Refocus Your In-plant
In-plant operations that are surviving and thriving in today's market are expanding their offerings beyond print and adding services that enhance value to the overall communications process.
An InfoTrends study titled "The Production Printing Industry in North America: Understanding Industry Transformation" reveals that value-added services generate, on average, 16 percent of an in-plant operation's income. Compare this with revenue from other services in-plants offer, like digital printing (25 percent), offset printing (22 percent), wide-format (12 percent) and finishing (12 percent).
The study surveyed almost 300 in-plants to uncover plans for equipment and software investments, service expansions and other improvements. Of those respondents, 68 percent reported revenue growth, 24 percent indicated no change in revenue and 7 percent experienced declines. One-fifth of respondents that reported growth experienced gains of more than 10 percent.
When asked to identify services offered today, most in-plant respondents report offering creative design and data-related services. Over the next two years, in-plants plan to ramp up services related to mobile communications and social media to power cross-media services.
Personalization Drives Growth
An important study finding was that a big differentiator between high-growth in-plants versus those that are flat or declining is the ability to meet the 1:1 communications needs of the end user departments. In-plants that report experiencing growth greater than 10 percent have created the infrastructure and ability to deliver digital color 1:1 solutions. The survey data indicates that more than 55 percent of respondents own variable data software.
Survey participants support a mix of technology that includes digital black-and-white, digital color, large-format and offset to respond to diverse customer needs. In-plants that reported higher growth (more than 10 percent) maintained a portfolio of both equipment and services that allowed their organization to be a one-stop shop for end user departments.
In-plants report solid investment plans in digital devices. The top reasons for investment were to replace an existing unit with a faster device or to replace/upgrade an older unit with more reliable technology.
Workflow Automation a Priority
Workflow automation is a key priority for successful in-plants, and many operations are investing in software to automate processes, eliminate manual touches and reduce costs. It is an area that in-plants need to pay attention to, to maintain competitiveness.
Still, bottlenecks persist across the entire print production workflow. Everyday tasks like preflighting, job submission and proofing continue to add time, manual touches and cost to production processes. With increasingly more print buying shifting online, driving higher volumes of short-run work, there's never been a greater need for workflow automation to streamline labor-intensive processes, maximize the return of existing assets and reduce production costs for both digital and conventionally printed jobs.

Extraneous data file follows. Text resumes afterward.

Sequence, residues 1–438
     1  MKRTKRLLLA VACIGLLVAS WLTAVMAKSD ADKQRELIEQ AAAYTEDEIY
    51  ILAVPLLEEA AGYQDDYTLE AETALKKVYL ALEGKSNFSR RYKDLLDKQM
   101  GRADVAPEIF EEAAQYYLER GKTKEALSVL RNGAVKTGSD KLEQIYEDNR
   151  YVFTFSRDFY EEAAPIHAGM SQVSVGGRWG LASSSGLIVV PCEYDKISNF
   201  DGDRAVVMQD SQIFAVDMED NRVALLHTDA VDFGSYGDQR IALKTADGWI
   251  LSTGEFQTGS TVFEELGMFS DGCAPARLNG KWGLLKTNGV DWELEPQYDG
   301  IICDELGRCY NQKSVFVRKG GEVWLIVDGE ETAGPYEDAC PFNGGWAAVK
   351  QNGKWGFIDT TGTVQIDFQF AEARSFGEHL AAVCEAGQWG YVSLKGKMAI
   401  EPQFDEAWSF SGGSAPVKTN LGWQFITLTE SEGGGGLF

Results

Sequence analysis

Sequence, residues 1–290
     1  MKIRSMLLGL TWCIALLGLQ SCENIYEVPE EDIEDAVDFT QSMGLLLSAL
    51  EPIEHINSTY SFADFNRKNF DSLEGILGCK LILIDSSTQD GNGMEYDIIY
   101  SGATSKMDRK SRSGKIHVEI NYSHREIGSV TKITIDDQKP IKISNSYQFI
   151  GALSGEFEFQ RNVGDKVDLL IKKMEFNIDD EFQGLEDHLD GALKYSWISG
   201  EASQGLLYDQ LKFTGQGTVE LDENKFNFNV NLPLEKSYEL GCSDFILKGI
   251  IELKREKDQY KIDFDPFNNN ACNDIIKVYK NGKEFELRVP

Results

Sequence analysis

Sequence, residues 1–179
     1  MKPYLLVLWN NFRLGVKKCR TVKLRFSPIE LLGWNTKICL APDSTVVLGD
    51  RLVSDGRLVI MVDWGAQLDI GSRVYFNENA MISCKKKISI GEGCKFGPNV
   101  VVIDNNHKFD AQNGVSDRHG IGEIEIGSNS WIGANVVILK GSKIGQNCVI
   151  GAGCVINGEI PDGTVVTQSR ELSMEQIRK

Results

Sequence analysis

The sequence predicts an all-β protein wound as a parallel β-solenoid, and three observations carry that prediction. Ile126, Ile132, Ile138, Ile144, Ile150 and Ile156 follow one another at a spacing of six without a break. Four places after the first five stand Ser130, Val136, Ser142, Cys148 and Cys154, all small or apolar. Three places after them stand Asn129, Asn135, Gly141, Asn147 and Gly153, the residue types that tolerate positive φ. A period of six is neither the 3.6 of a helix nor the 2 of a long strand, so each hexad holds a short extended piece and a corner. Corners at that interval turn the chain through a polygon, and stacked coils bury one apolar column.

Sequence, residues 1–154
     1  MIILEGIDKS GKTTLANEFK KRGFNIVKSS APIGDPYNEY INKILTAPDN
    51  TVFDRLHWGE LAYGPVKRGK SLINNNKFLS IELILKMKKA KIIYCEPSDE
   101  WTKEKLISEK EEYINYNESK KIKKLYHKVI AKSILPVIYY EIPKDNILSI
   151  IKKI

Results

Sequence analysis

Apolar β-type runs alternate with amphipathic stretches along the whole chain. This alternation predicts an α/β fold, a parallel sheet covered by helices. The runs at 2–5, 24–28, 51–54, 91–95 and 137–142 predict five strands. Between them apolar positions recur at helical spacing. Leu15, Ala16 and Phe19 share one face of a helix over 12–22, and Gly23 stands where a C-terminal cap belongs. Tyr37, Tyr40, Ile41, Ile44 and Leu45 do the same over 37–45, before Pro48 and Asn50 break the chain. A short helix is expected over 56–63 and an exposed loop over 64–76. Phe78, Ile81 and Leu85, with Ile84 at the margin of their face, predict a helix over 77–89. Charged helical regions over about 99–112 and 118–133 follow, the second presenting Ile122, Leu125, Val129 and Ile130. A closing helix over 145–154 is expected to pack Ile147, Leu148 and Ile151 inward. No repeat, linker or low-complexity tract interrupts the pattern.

While more than 50 percent of in-plants surveyed have invested in critical workflow software tools—including creative layout, digital/conventional production workflow, print MIS and output management—more than 40 percent have not invested.
One of the keys to automated workflow is a connected system that allows user departments to submit jobs via the Web. In-plants reported that, on average, 34 percent of print revenue came in through Web-to-print systems.
Leaders Focus on Print Management
Three-fourths of in-plants that reported growing more than 10 percent had the right of first refusal on print work. These high-growth in-plants have established a print sourcing department to handle print buying for the entire company—whether that means printing in-house or outsourcing. While they have right of first refusal, lending their expertise and knowledge to the buying process for externally sourced materials has provided significant value.
Leaders of these in-plants looked at the industry and saw in-plants competing with commercial printers for work. Instead of wrangling with outside competition to survive, they established print sourcing departments to handle the responsibilities of being a print buyer as well as a print provider.
In addition, in-plants reporting the highest growth looked outside of their organizations for work and began "insourcing." Operations taking in work from external customers are bolstering their clientele lists, increasing income and consuming excess equipment capacity. While these in-plants benefit from having a captive customer base, this same "guaranteed" base of customers can also limit growth opportunities. It is difficult to justify equipment upgrades when a customer base doesn't increase.
Overall, in-plants are taking action to expand products and services to better serve customers and enhance relevance within their parent organizations. Adding new services is not an easy task, but it's a competitive essential.
The most successful in-plants are evolving operations beyond print services, while maintaining a focus on production efficiency. Those in-plants that can strike the right balance between efficient operations and service innovation will be poised to survive and thrive in today's increasingly competitive business world.
Lisa Cross is the principal analyst of NAPCO Research (a unit of NAPCO Media) where she conducts market research and analysis on emerging trends and changing dynamics in the commercial, in-plant and packaging industries, and the market forces that are driving those changes. With decades of experience covering the graphic arts and marketing industries, Cross has authored thousands of articles on a variety of topics, including technology trends, business strategy, sales, marketing and legislation.